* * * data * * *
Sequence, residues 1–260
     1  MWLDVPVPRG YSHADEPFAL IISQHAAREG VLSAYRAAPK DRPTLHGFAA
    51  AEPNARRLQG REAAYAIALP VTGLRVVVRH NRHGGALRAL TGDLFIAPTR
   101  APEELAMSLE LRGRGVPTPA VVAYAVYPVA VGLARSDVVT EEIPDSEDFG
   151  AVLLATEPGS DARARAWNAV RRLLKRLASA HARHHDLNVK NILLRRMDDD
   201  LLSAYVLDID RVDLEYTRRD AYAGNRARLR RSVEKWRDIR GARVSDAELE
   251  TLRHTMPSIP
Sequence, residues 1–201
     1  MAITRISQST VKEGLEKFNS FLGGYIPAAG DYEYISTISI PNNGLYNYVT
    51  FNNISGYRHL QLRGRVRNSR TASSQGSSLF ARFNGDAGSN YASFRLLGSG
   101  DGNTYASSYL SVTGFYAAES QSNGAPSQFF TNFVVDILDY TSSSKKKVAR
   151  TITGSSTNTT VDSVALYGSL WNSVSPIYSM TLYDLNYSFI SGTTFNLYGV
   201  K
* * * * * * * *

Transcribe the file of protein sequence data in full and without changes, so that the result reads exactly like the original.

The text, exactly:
Sequence, residues 1–260
     1  MWLDVPVPRG YSHADEPFAL IISQHAAREG VLSAYRAAPK DRPTLHGFAA
    51  AEPNARRLQG REAAYAIALP VTGLRVVVRH NRHGGALRAL TGDLFIAPTR
   101  APEELAMSLE LRGRGVPTPA VVAYAVYPVA VGLARSDVVT EEIPDSEDFG
   151  AVLLATEPGS DARARAWNAV RRLLKRLASA HARHHDLNVK NILLRRMDDD
   201  LLSAYVLDID RVDLEYTRRD AYAGNRARLR RSVEKWRDIR GARVSDAELE
   251  TLRHTMPSIP
Sequence, residues 1–201
     1  MAITRISQST VKEGLEKFNS FLGGYIPAAG DYEYISTISI PNNGLYNYVT
    51  FNNISGYRHL QLRGRVRNSR TASSQGSSLF ARFNGDAGSN YASFRLLGSG
   101  DGNTYASSYL SVTGFYAAES QSNGAPSQFF TNFVVDILDY TSSSKKKVAR
   151  TITGSSTNTT VDSVALYGSL WNSVSPIYSM TLYDLNYSFI SGTTFNLYGV
   201  K